Drilling for the worst: Boyle first responders use massive exercise to train for school shooting
At 8:04 a.m. Friday, a shooter entered Boyle County High School through a side door, aided by an accomplice who held the door open for him. He dropped an improvised explosive device by the door and then quickly entered the cafeteria and began firing his shotgun. It was the beginning of an active shooter drill that involved hundreds of people and took about two hours to complete.
None of those initial moments were known to Boyle County Deputy Ricky Sellers or the other law enforcement officers who arrived minutes later at the high school, sirens blaring. They had been kept in the dark about the specifics, just as they would be if the shooting were real.
Sellers was at the front of the first team into the high school and wound up being the officer that brought the bad guy down, just minutes into the drill. As he entered the high school’s front entrance, Sellers asked the actors in the cafeteria area where shooting was coming from; he led the team down the hallway in the direction they indicated. The shooter had actually headed the other way around the high school’s main hallway loop. Halfway around the loop, the officers found the shooter and cornered him in a room.
Boyle County Schools Assistant Superintendent Chris Holderman said he was on a radio with the shooter, giving him information about police movement in order to make it even a little more difficult on the first responders.
“I cheated for him a little bit,” Holderman joked during a post-event de-briefing with students and school staff. The school got more than 115 students, parents and community volunteers to participate as actors, in order to make the drill seem as real as possible.
Sellers, who got a round of applause from the students for taking down the shooter, joked to Holderman that made him an accomplice. “Could you please put your hands behind your back?”
Frank Thornberry with the Kentucky State Police, followed the shooter around the building as the drill progressed. He said the communication and effort of the team searching for the shooter was excellent.
“That was phenomenal — those guys weren’t just walking through it,” Thornberry said. “Their tactics were still there. Their communication was still there. … Their communication was phenomenal and the response to the shooter was phenomenal.”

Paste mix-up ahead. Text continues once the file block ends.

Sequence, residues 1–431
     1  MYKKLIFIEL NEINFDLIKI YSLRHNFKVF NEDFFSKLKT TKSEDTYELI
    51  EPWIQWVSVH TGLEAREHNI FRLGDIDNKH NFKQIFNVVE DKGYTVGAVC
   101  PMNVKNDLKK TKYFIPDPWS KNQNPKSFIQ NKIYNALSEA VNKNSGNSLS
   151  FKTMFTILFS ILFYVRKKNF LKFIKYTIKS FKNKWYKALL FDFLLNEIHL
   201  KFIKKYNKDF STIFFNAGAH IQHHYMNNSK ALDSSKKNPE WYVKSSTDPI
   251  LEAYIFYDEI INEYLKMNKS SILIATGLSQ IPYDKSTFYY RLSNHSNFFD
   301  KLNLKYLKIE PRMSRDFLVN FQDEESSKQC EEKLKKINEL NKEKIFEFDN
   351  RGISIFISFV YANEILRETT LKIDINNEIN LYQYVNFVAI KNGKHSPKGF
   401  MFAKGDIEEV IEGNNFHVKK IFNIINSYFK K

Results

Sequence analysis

But catching the shooter was only a small piece of the action. Teams of law enforcement officers and tactical medics swept through the high school, clearing rooms and freeing teachers and students who had locked themselves in rooms; Boyle County EMS personnel began tending to wounded and transporting them to a triage area set up outside. A total of 21 injured students were taken by ambulance to Ephraim McDowell Regional Medical Center, about a mile and a half away, where there was a hospital-wide mass-casualty drill. Three were killed by the shooter in the scenario; the shooter was also killed.
Agencies participating in the exercise were Boyle County Schools, Danville Police Department, Boyle County Sheriff’s Office, Boyle County EMS, Boyle County Emergency Management, Boyle County Fire Department, Danville Fire Department, Kentucky State Police, Ephraim McDowell Regional Medical Center, Kentucky Transportation Cabinet, Boyle County Road Department and the Kentucky Office of Homeland Security. Air Evac planned to participate but fog kept their helicopter grounded.
The whole event was captured with high-definition video cameras, enabling first responders to review their actions after the fact, identifying positives and negatives about what they did. Boyle County Emergency Management Director Mike Wilder said those involved with the drill will get back together in about two weeks for an after-action review. That’s the final step in the whole drill process, which has taken more than a year to complete. The drill is required by Kentucky Emergency Management and the Federal Emergency Management Agency in order for Boyle County to continue receiving the federal grant that helps fund the county’s Emergency Management Agency, Wilder said.
Wilder said he’s heard from many in the community who are pleased how all of the different agencies are working together to prepare for a worst-case scenario.
“Years ago, this wouldn’t have even been thought about,” he said.
The cooperation between all of the first-responder agencies and organizations like the schools and the hospital is not something that should be taken for granted, Wilder said, explaining that in other areas, agencies sometimes have “turf wars” with each other that get in the way of good communication. That’s not the case here.
“I’m just tickled to death with it,” he said. “I wouldn’t live any other place in the world than Boyle County.”
See more photos from the drill, taken by Robin Hart and Ben Kleppinger:
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